Other than that, the supplement offers solid amounts of Omega-3 Fatty Acids (1105 milligrams), including 780 milligrams of EPA and 260 milligrams of DHA. The additives it uses are very good. And it even uses something known as Vegetable Enteric Coating, for which they actually do provide the exact ingredients.
The thing is also properly third-party tested by IFOS. It’s also Kosher, Halal, and Non-GMO, though not a single one of these is third-party approved. Also, it doesn’t use sustainable fisheries to source it’s fish from.
So, while there are perks like a money-back guarantee, I don’t think it’s as great as any on the best-of list. Quite frankly, it somewhat pales when compared to them.
*** | Optimum Nutrition Omega 3 Fish Oil (Review) – One Of The Worst Fish Oils I’ve Ever Come Across
Seeing Optimum Nutrition Omega 3 Fish Oil listed as one of the best fish oil supplements makes me just want to go and jump off a cliff. Not sure if people who’ve included this one in a best-of list have ever looked further than 10 fish oil supplements for their top 10 fish oil list [R].
The supplement here is just all kinds of poor.
Per a single softgel, we’re getting 300 milligrams of Omega-3 Fatty Acids. The actual EPA and DHA amounts never get specified. So, no way of knowing how much of combined amounts the supplement holds; no way of knowing what the actual EPA/DHA ratio is.
On top of that, it doesn’t have a single third-party certification. It’s not sustainable. And third-party independent testing for purity, potency, and freshness is completely out of the question. And yes, they’re not even a member of GOED monograph [R].
Plus, the supplement adds quite a bit of different additives of which a number I see for the first time used in supplements. Furthermore, I’m not sure all of them are harmless. They may not be.
*** | Sports Research Triple Strength Omega-3 Fish Oil (Review) – A Great One But The Ratio Is Way Off
The Sports Research Triple Strength Omega-3 Fish Oil is a pretty remarkable supplement [R].
It offers high combined EPA and DHA amounts per softgel. This Fish Oil is IFOS approved for purity, freshness, and potency and MSC certified for sustainability. It uses Non-GMO, Gluten-Free ingredients. It uses only harmless additives. There is really a lot to like about this one.
However, there is one “but”.
With offering 690 milligrams of EPA and 260 milligrams of DHA per softgel, it persists on EPA/DHA ratio of almost 3:1. And thus, I feel it does fall behind those supplements that are better at ensuring the better ratio for general health and just more DHA in general.
Moreover, given how much hype there exists for DHA as the more important acid of the two, it would make far more sense to make that ratio go the other way if it has to (with less EPA and more DHA).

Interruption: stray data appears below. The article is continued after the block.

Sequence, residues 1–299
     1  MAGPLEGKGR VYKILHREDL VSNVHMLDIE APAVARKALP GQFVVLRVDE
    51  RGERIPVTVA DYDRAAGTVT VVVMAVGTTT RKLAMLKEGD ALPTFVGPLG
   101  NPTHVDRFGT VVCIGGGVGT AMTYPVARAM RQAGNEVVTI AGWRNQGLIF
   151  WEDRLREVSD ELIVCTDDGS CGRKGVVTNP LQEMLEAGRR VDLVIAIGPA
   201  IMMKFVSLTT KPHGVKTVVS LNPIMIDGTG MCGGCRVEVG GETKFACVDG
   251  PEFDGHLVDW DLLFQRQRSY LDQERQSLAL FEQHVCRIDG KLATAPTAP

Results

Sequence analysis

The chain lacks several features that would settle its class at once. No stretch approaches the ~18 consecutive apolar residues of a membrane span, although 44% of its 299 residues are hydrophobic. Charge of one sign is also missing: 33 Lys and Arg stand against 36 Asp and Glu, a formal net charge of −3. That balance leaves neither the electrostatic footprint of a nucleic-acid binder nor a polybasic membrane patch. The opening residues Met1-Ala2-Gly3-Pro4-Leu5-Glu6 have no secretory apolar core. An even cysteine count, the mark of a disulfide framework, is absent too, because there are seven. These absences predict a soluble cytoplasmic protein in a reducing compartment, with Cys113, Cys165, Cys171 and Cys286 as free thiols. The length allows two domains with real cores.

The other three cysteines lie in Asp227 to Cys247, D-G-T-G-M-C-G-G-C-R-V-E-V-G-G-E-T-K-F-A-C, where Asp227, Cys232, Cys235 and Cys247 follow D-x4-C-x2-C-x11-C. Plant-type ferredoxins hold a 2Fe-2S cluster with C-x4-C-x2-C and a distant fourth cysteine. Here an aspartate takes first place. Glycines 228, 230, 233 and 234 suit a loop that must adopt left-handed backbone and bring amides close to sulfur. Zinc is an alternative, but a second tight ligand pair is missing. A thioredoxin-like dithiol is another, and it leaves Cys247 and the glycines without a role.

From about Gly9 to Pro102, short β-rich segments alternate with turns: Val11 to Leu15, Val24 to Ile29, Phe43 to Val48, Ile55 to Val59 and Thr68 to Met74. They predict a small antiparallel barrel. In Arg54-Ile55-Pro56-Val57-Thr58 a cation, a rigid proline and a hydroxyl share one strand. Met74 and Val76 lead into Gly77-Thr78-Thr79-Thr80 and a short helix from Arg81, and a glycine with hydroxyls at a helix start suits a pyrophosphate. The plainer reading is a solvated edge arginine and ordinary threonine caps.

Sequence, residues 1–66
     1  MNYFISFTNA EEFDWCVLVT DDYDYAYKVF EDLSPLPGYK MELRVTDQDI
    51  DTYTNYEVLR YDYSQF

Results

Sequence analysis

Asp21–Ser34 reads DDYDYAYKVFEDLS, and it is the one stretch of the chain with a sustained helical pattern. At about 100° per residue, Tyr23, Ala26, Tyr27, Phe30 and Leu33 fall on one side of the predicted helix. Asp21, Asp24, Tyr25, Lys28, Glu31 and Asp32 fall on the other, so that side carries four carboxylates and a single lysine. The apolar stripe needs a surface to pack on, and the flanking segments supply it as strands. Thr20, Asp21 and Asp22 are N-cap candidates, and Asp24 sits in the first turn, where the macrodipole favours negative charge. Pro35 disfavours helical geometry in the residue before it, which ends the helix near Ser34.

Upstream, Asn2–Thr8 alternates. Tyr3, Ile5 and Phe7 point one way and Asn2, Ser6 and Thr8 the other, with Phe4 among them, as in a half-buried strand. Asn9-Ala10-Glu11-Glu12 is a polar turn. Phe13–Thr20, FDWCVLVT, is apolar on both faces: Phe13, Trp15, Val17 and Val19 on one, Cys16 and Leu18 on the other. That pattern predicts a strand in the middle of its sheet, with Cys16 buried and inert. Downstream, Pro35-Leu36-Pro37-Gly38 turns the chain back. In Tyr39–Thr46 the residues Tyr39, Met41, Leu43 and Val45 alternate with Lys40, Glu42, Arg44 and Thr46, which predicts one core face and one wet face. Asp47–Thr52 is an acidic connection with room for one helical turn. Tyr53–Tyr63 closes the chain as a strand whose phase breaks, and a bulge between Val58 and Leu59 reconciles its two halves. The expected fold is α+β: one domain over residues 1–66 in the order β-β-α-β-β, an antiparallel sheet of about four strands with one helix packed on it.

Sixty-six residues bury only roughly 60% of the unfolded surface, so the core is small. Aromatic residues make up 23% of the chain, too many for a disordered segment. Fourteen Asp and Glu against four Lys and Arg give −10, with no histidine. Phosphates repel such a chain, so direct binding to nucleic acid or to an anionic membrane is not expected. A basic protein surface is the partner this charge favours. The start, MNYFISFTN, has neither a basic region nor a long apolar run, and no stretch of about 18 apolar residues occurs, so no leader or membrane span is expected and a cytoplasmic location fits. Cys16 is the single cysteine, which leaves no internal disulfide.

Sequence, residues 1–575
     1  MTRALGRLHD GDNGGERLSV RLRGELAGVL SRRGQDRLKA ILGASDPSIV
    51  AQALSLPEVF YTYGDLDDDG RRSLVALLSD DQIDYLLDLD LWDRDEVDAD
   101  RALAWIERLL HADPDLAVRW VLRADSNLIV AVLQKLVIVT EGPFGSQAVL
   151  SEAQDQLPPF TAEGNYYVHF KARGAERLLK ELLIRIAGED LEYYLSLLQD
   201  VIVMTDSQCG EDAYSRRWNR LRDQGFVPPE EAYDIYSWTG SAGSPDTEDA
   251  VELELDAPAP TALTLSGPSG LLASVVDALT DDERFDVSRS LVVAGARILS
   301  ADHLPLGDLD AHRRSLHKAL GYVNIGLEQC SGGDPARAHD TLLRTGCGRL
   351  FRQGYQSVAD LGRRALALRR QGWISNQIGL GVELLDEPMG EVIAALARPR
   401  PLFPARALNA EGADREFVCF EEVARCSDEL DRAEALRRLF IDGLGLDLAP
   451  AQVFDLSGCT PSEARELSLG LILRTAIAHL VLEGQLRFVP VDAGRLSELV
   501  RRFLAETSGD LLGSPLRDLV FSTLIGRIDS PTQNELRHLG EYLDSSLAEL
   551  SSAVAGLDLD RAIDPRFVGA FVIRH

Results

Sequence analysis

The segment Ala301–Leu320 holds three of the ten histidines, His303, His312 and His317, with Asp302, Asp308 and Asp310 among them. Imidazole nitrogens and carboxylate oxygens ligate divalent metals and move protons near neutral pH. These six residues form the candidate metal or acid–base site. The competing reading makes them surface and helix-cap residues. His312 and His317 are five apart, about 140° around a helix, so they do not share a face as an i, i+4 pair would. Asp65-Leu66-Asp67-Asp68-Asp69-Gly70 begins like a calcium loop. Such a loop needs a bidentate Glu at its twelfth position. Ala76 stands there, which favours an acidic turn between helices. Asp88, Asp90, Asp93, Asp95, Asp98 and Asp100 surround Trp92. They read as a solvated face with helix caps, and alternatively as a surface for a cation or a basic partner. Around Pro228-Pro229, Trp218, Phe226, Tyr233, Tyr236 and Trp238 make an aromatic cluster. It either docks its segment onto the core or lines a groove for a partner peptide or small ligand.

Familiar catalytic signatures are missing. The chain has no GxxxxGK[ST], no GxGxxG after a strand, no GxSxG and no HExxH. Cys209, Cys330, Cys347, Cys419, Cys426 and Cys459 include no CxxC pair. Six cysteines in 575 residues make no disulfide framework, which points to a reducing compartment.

*** | Viva Naturals Ultra (Triple) Strength Omega-3 Fish Oil (Review) – Just Doesn’t Live Up To The Best
Viva Naturals Ultra Strength Omega-3 Fish Oil, previously known as Viva Naturals Triple Strength Omega-3 Fish Oil, is actually a very good product [R].
There’s plenty of fish oil, decent amounts of EPA and DHA, great additives all and throughout. It’s also third-party tested by IFOS. So, where’s the problem?
Well, there’s not really one.
I mean, sure, it doesn’t use third-party certifications for sustainable fish sourcing and Non-GMO ingredients like many of the very best do. But other than that, it’s just not that good overall to make the list.
To that end, the biggest reason I feel is the fact that its EPA/DHA ratio is way off. Meaning, with 1400 milligrams of EPA and only 480 milligrams of DHA, it’s sitting at a ratio of almost 3:1. Which isn’t great but is not terrible either. Ideally, though, we would be looking for more DHAs there.
And so, I feel it’s just overall not that great when we compare it to the bunch of the very best.
There’s No Reason To Not Pick Up One; Arguably The Most Important Supplement Of All
I believe fish oil is something that absolutely none can afford to not consume on a daily basis. The Omega-3 Fatty Acid contents are just too incredibly important for our brain health, cell function, and overall well-being. In fact, they’re even more important once we realize that there is a variety of sources out there showing different amounts of deficiency in Omega-3s (up to over 99%) in the population [R, R, R, R, R].
Can our bodies run optimally with that kind of lack? No.
I have heard many high-profile, very respected doctors highly suggest a daily fish oil supplement. Moreover, neuroscientists believe this is the single most important supplement to take. By their account, if we were to only pick one supplement that we would use daily, it should be fish oil high in Omega-3 Fatty Acids.
And, as far as I know, science does support that.
Furthermore, what’s the alternative? Eating up to 4 servings of oily fish daily (for approximately 1000 milligrams of EPA plus DHA) [R]?
But that will get us nowhere for the same reason we should never use a supplement that’s not properly purified. The daily contaminant intake overtime will just be unbearable for the body. Which will inevitably lead to needing other supplements to counter that.
And then why didn’t we just opt for a proper Fish Oil supplement in the first place?
But be that as it may, I hope this article of 25 best fish oil supplements in 2020 & the 29 bull*hit ones helped you find the information you were looking for.
This article was last updated on March 25, 2020.